What is user research?
Ah, users. The sun in the UX solar system and the thorn in our sides. One of the Sacred Laws of UX is “never blame the user” even though, let’s be honest, somtimes it is really tempting. However, if you feel that way, it is because you do not understand your users, so what is user research?
Different people will say that User Research happens at different stages in the process. Some say you do it first. Some say you make some drawings and do it then. Some say you do it after building a working product. They are all right. There is never a bad time to do user research. Do it early, do it often. The important question isn’t when. It’s what. As in: what are you trying to learn about your users?
There are two main types of information that you can get from research that involves people: subjective and objective.
The word “subjective” means that it is an opinion, or a memory, or your impression of something. The feeling it gives you. The expectations it creates. Not a fact.
- “What is your favorite color?”
- “Do you trust this company?”
- “Does my ass look fat in these pants?”
- i.e. — There is no right answer.
To get subjective information you have to ask people questions.
The word “objective” means a fact. Something true. Something you can prove. Your opinion doesn’t change it, no matter how hard you wish.
- “How long did you spend using our app?”
- “Where did you find the link to our site?”
- “How many people visited our website today?”
If people had perfect memories and never lied (especially to themselves) we could ask them about this stuff. If you find someone like that, let me know. Objective data comes in the form of measurements and statistics. But just because you can count something doesn’t make it objective.
For example: If 102 people say something is good and 50 people say it’s bad, the only objective information you have is the number of people that voted. Whether it is “good” or “bad” is still subjective. With me so far? (If not, I will blame myself for explaining badly, not you for reading badly.)
As a general rule, more people makes more reliable information, even if it is subjective. 1 opinion could be completely wrong. If a million people agree, it is a good representation of the crowd’s beliefs (but could still be false, objectively). So collect as much info as possible for your research. Lots of subjective info can become… almost objective?!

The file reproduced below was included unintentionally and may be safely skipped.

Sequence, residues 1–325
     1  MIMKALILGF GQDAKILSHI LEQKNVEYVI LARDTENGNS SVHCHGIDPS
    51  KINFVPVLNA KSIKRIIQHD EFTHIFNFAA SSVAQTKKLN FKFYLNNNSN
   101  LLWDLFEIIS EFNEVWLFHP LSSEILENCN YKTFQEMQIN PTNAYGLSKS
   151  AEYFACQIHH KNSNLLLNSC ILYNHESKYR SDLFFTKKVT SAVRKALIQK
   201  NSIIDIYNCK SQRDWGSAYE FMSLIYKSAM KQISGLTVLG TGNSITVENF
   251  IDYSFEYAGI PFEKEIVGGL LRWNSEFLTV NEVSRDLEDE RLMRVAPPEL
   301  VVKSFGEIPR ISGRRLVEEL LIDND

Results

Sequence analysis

If you ask a lot of people to guess the answer to something objective — like jelly beans in a jar — the average guess will often be pretty close to the real, objective, answer. But the “wisdom of a crowd” about something subjective can also cause riots and get George W. Bush elected, so… yeah. Be careful.
How to ask people questions?
Often in UX, especially at the start of something new, you will need to get information from real people. So how do we ask people questions?
3 basic types of questions
- Open Questions: “How would you describe me?” — This allows for a wide range of answers, and works well when you want all the feedback you can get.
- Leading Questions: “What are my sexiest features?” — This narrows the answers to a certain type. My example assumes that I have some sexy qualities, which might not be true! Be careful: this type of question also excludes answers you might want to know!
- Closed/Direct Questions: “Which is sexier, my elbows or my knees?” — This type of question offers a choice. Yes or no. This or that. But remember: if the options are stupid, the results will be stupid.
Some examples of subjective research
- Interviews: Get somebody and ask them a set of questions, one-by-one.
- Observation: Give people tasks or instructions and watch them use your design, without help. Afterward, you can ask them questions.
- Focus Groups: Get a bunch of people in a room together and ask them to discuss your questions.Note: Confident people often persuade others in the group, and a few random people are an unreliable example of anything, which is why I would rather set myself on fire than do a focus group in real life.
- Surveys: A form, which people answer on paper or online. These can genuinely feel anonymous, which is useful.
- Card-Sorting: Each person gets a set of ideas or categories (on cards or post-its), which they sort into groups that make sense. After many people have done this it gives you an idea of how your menu should look. ProTip: don’t use your colleagues for this. Use normal users.
- Google: It’s amazing how many useful opinions you can find online, for free, right now.